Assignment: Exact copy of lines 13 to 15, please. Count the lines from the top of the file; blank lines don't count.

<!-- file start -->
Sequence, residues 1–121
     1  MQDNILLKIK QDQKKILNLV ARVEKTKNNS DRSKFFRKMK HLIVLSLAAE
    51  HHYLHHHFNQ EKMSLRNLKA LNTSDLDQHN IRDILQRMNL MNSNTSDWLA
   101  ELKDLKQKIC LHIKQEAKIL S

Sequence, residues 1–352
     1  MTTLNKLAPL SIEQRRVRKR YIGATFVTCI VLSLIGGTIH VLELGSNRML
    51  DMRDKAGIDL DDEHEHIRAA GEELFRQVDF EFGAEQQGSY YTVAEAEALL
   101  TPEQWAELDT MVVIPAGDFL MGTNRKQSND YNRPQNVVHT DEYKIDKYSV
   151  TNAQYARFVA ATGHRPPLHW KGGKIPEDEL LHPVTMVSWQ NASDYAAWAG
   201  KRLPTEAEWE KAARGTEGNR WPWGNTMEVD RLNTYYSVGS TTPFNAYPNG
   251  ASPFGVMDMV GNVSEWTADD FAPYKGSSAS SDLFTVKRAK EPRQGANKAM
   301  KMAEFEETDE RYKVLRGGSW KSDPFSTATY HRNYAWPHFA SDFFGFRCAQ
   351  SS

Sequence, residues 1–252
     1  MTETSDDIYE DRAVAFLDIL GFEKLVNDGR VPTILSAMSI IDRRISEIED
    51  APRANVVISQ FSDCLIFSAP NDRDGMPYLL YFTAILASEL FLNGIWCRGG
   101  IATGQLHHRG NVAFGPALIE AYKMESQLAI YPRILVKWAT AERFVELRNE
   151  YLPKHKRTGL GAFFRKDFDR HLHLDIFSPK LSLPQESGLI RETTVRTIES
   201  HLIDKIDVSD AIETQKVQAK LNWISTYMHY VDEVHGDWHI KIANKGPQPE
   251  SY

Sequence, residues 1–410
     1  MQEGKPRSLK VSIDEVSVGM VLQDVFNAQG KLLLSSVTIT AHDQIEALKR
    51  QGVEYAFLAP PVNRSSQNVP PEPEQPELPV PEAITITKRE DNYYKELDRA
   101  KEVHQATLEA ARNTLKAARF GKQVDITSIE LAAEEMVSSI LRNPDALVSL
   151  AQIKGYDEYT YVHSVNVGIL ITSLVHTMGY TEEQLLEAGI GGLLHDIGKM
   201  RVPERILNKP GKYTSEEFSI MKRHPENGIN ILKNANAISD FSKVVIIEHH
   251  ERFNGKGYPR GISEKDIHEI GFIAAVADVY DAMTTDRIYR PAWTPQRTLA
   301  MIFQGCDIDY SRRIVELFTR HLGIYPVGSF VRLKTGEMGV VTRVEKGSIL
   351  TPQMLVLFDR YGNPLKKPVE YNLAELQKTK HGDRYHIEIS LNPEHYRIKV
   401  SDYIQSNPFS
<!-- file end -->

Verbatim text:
   351  SS

Sequence, residues 1–252
     1  MTETSDDIYE DRAVAFLDIL GFEKLVNDGR VPTILSAMSI IDRRISEIED